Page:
Star Formation and feedback at key physical scales for galaxy evolution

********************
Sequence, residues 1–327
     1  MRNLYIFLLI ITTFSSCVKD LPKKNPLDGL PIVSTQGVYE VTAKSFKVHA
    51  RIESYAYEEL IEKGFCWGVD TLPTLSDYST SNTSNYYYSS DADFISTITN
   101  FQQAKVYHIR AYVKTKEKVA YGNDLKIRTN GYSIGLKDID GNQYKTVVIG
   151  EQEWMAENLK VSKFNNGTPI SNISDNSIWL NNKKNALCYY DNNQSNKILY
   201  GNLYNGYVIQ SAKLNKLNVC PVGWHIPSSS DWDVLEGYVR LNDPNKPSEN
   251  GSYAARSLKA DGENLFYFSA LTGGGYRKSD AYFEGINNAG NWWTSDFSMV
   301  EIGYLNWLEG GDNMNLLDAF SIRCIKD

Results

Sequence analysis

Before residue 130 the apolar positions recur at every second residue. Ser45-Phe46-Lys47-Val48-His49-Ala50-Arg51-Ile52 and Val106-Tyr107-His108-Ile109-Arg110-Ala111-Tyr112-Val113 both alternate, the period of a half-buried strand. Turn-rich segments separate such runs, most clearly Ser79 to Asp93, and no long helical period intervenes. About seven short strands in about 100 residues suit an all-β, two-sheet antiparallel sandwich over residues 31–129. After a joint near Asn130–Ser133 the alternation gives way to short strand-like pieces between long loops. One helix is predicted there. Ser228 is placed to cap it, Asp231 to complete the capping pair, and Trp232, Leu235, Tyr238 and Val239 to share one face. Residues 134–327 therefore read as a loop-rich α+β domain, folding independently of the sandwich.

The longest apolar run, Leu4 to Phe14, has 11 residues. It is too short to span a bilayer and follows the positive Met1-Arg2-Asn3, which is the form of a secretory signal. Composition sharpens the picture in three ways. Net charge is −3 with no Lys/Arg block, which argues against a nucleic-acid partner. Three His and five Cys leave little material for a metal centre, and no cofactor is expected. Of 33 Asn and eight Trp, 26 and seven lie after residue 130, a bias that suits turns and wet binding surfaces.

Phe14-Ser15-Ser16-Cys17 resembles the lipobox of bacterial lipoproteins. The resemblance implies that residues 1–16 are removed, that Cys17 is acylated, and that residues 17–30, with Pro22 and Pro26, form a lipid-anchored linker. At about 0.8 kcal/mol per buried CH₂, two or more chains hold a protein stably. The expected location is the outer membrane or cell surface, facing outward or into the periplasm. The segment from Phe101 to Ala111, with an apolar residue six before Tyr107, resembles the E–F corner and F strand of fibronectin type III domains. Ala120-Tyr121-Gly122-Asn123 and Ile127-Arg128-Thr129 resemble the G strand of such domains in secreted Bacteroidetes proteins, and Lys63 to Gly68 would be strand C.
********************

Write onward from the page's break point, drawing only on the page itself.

Abstract: Feedback from young, massive stars plays an essential role in the self-regulation of star formation in galaxies, and in shaping the galaxies' global properties. This phenomenon originates at small scales, surrounding the stars, but has been observed to be effective up to galactic-wide scales. The exact mechanism which allows the ionising radiation to escape the star-forming regions (HII regions), initially still embedded in their natal molecular hydrogen gas, is still unknown. Constraining the escape of ionising photons from HII regions is also relevant in order to explain the origin of the diffuse ionised gas (DIG) that is observed to contribute up to 50% to the Ha luminosity of nearby galaxies. I present the results of the study of stellar feedback in two nearby galaxies (NGC 7793 and M83), at spatial scales that critically connect the sources of ionisation with their immediate surroundings. We determine the fraction of DIG and study its properties and origin. We find that in NGC 7793 ionising sources located in the DIG are producing a sufficient amount of hydrogen-ionising (LyC) photons to explain the diffuse gas emission. In M83, on the other hand, the DIG is ionised by a mixed contribution of photoionisation and shocks. We investigate the link between LyC leakage from HII regions and their stellar and gas properties. We find that the age spread of the stellar population in the region does not seem to imply a higher leakage. Also the ionisation structure of the regions (e.g. the presence of "channels" that are transparent to the LyC photons) appears to be uncorrelated with escape in our sample. In M83, we also study the relative importance of different types of stellar feedback. We find that the pressure exerted by the ionised gas is always dominant over the direct radiation pressure. When the total HII region pressure is compared to the environmental pressure, we observe that regions near the galactic centre are in equilibrium with the surroundings, whereas regions in the disk are overpressured and are therefore expanding. We also find that changes in the local environmental conditions are the dominant factor in setting the ionised gas pressure, and that the pressure terms are linked to the physical properties (age and mass) of the young star clusters powering the regions. In the near future, observations from the James Webb Space Telescope will allow us to study the most embedded star-forming regions with a resolution comparable to the present one.